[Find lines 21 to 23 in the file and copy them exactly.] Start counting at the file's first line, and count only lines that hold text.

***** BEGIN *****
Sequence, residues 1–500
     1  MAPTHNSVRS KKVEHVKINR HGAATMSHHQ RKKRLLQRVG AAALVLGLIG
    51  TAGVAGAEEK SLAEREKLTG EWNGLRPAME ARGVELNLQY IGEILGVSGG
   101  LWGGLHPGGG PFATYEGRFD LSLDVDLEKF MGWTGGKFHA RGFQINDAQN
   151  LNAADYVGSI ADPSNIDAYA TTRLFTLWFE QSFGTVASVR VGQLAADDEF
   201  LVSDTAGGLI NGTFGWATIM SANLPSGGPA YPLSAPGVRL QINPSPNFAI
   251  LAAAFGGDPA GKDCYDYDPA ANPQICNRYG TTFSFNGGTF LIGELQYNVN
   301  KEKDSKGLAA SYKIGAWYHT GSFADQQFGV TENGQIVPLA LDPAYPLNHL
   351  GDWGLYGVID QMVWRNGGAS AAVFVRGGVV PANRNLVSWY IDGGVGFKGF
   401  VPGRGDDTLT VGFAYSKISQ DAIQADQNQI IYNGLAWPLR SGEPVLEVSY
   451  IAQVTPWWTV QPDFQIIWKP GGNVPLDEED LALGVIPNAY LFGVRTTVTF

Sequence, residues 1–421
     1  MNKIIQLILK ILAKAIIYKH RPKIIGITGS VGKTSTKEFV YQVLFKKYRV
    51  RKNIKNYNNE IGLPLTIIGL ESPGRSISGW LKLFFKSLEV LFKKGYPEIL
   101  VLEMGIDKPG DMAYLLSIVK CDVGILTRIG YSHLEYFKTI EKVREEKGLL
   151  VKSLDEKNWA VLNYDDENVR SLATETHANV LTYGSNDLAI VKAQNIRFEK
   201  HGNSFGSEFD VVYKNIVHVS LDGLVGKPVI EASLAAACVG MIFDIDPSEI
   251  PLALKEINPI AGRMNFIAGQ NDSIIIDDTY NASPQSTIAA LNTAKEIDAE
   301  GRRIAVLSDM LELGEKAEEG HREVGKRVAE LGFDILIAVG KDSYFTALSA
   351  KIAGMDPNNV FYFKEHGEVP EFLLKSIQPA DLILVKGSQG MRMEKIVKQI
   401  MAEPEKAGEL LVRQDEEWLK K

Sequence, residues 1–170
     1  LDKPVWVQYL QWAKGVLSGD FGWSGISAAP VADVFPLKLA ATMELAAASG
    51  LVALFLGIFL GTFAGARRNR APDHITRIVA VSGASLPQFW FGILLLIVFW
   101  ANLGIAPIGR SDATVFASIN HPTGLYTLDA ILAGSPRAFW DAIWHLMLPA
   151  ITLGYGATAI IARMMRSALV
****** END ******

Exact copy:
   401  MAEPEKAGEL LVRQDEEWLK K

Sequence, residues 1–170
     1  LDKPVWVQYL QWAKGVLSGD FGWSGISAAP VADVFPLKLA ATMELAAASG